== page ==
As a refresher exercise in modern physics, I want to derive Wien's displacement law: [tex]\lambda_{max}T=2.898x10^{-3}mK[/tex] from Planck's formula: [tex]R(\lambda)=(\frac{c}{4})(\frac{8\pi}{\lambda^4})(\frac{hc}{\lambda})(\frac{1}{\exp^(\frac{hc}{\lambda\kT})-1})[/tex] by differentiating R([tex]\lambda[/tex]) and setting dR/d[tex]\lambda[/tex] = 0. I get to an expression like this: [tex]\exp^(\frac{hc}{\lambda\kT})(hc - 5kT\lambda)+5kT\lambda=0[/tex] If it wasn't for the "5kT[tex]\lambda[/tex]" term by itself on the left-hand side of the equation, the solution would simply be: ([tex]\lambda[/tex]) (T) = hc / 5k which is Wien's law. There must be something wrong though, or maybe there's a trick involved that I'm not seeing? Thanks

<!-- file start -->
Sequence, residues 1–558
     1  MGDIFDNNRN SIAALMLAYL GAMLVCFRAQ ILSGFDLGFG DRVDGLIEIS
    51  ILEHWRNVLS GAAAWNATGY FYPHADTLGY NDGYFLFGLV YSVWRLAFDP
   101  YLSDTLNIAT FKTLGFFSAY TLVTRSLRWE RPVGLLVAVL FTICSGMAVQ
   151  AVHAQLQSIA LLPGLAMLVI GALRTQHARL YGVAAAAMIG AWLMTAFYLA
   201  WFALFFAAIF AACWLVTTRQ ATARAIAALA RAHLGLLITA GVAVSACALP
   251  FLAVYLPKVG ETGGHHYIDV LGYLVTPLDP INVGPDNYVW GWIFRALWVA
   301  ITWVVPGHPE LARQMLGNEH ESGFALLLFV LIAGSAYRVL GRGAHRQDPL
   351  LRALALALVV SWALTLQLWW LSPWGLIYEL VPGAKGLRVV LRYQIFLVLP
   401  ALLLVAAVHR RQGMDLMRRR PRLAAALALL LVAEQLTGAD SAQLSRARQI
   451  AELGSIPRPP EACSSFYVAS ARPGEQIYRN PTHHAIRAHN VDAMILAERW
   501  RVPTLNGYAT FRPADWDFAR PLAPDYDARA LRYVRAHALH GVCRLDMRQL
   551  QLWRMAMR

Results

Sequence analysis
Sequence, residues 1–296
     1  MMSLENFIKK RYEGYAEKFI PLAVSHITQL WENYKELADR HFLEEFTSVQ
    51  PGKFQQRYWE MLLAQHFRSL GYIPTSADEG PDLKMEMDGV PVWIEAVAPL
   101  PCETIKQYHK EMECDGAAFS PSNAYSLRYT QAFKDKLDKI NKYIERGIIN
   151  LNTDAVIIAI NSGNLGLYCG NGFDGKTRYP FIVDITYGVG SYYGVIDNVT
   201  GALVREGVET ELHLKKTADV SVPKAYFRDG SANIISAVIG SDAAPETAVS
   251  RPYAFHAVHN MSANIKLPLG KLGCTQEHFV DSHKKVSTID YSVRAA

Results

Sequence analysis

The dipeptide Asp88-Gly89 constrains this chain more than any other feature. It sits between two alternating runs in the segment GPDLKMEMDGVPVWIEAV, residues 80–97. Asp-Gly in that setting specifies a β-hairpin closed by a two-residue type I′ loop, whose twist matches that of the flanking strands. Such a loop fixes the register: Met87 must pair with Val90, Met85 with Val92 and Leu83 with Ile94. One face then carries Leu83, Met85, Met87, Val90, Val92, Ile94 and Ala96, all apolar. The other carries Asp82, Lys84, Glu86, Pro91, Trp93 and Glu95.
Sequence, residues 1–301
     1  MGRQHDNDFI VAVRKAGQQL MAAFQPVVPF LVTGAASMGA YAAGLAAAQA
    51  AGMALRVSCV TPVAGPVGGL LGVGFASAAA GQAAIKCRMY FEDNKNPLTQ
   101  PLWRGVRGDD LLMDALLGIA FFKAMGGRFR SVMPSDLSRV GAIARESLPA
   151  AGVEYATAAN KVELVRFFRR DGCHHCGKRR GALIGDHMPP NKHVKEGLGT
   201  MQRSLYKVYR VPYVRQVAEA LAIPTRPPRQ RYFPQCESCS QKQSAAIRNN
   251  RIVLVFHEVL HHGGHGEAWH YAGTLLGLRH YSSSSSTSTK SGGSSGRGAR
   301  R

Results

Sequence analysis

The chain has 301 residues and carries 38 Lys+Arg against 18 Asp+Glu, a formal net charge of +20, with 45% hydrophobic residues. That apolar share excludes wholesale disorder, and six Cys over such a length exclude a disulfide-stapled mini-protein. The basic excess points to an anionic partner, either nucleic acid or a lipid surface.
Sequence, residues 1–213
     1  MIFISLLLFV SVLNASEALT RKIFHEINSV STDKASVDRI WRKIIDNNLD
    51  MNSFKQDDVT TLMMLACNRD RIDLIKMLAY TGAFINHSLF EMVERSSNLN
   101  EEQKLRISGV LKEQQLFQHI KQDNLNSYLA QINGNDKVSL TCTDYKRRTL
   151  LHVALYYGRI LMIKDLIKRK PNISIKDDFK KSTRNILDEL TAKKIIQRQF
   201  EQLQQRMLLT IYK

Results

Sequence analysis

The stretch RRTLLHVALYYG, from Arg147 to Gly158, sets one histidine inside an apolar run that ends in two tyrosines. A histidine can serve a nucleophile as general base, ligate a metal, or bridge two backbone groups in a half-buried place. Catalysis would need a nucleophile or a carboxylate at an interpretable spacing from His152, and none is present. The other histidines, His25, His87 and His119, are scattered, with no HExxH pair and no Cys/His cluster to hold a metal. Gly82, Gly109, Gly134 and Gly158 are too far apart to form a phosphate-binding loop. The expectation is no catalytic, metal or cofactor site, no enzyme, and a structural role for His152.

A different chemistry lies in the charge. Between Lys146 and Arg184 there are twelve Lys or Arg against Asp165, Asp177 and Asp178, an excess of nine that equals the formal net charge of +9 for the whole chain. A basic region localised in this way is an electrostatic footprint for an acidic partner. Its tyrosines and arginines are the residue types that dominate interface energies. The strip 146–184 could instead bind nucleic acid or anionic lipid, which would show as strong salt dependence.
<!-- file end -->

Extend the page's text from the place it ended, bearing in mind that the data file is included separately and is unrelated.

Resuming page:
Yes, you're dealing with a typical transcendental equation, to which exact solutions cannot be found in most cases, this one included. Daniel.
http://en.wikipedia.org/wiki/Wien_approximation check this link you will see why the 5kt(lamda) shouldnt be there